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The who’s who of menopausal hormone therapy

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The who’s who of menopausal hormone therapy

The who’s who of menopausal hormone therapy

 

You may have heard of menopausal hormone therapy (MHT), previously called hormone replacement therapy (HRT). But do you know which hormones are involved, and how they may help?

                                

MHT is the most effective treatment available for the relief of the physical symptoms of menopause (e.g. hot flushes and night sweats).1 There are two main hormones relevant during menopause. They are:2

  • Estrogen
  • Progesterone

 MHT refers to replacing one or both of these through medication.2

 

What types are available and who are they for?

 

During menopause one of the main causes of symptoms is fluctuating levels of the hormone estrogen.3 Taking medication with estrogen can help to alleviate these symptoms.1,2 Estrogen levels affect your brain, your bones and your uterus.2 In fact, taking estrogen can cause an overgrowth of the cells in your uterus.1,2 If you have had a hysterectomy (your uterus removed) this is not a problem and MHT with estrogen alone is OK to use.

 

Progesterone affects the womb and uterus, it prevents the overgrowth of cells.2 Because of this protective action progesterone is combined with estrogen to lower the risk of cancer in women who still have their uterus.1,2

                                

 Selective estrogen receptor modulators (SERMs) also block the unwanted effects of estrogen on the uterus and can be used instead of progesterone in combination with estrogen.1,4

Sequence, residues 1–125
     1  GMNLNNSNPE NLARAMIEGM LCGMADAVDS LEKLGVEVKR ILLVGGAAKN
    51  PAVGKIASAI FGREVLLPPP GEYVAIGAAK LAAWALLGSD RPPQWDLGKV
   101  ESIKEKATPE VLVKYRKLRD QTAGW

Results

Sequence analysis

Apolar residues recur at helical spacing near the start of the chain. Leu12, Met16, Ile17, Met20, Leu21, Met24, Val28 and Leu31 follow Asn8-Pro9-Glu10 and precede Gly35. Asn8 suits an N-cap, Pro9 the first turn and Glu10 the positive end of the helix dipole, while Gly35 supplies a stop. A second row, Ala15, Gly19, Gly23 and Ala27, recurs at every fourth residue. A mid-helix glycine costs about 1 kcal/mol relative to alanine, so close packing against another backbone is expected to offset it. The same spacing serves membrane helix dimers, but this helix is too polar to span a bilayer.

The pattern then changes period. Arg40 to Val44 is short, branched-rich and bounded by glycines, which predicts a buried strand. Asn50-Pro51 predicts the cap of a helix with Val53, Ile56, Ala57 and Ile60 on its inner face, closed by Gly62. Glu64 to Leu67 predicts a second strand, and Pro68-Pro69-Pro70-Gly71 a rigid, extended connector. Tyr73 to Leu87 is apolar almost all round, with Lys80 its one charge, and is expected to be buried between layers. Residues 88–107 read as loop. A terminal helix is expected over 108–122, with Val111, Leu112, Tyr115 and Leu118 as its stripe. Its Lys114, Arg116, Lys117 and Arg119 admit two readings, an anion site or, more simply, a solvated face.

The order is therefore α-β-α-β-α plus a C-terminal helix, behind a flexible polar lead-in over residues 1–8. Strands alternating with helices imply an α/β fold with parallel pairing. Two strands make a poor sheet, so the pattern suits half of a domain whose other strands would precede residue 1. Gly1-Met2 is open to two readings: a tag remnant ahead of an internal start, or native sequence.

So, in summary;

  • Estrogen-alone MHT is for women without a uterus
  • Estrogen + progesterone or SERMs MHT is for women with an intact uterus

 

Consult with your healthcare professional to find out which option is best for you.

 

Pill, patch or implant?

 

MHT is available in various forms. These include:2

  • Pills – estrogen and progesterone as separate tablets or in combination, or estrogen and SERM combination tablets. During perimenopause the contraceptive pill may help alleviate some symptoms. Tibolone is a synthetic hormone and its actions are similar to estrogen, progesterone and testosterone.1
  • Patches – Also available as estrogen-only or estrogen-progesterone combinations, these allow the hormones to be absorbed through the skin.
  • Gel – Estrogen-only, available in single dose sachets for daily application to the skin
  • Vaginal creams or pessaries – as the name suggests, applied directly into the vagina, mainly used to treat vaginal or bladder symptoms
  • Intrauterine device (IUD) – progesterone released from an IUD may be prescribed during perimenopause in combination with estrogen in the form of a tablet or patch.

 

A note on hormone names

As you start to read more about menopause and MHT, there can be several terms that look very similar and seem to be used interchangeably. Here is a quick guide to knowing what is what:4

  • Estrogen (oestrogen): A group of hormones produced by the ovaries
  • Estradiol (oestradiol): The main estrogen produced by the body
  • Estriol (oestriol): The least potent estrogen made by the body
  • Progesterone: A female hormone produced by the ovaries
  • Progestin: Synthetic compounds that act like progesterone
  • Progestogen: Natural or synthetic form of progesterone (umbrella term for both progesterone and progestin)
  • Selective Estrogen Receptor Modulator (SERM): Used in combination with estrogen to block its unwanted effects

                                

©Pfizer 2017 Pfizer Australia Pty Limited. Pfizer Medical Information: 1800675 229. Sydney, Australia 2000. PP-DUA-AUS-0475, 08/2019.

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REFERENCES

1. Jane FM and Davis SR Climacteric 2014;17(5):564–579.

2. Jean Hailes, Menopause Management. Available from https://jeanhailes.org.au/health-a-z/menopause/menopause-management (Accessed August 2019).

3. Australasian Menopause Society, The Perimenopause or Menopausal Transition. August 2016. Available from https://www.menopause.org.au/hp/information-sheets/1057-perimenopause (Accessed August 2019).

4. The North American Menopause Society, Menopause Glossary. Available from https://www.menopause.org/for-women/menopause-glossary (Accessed August 2019).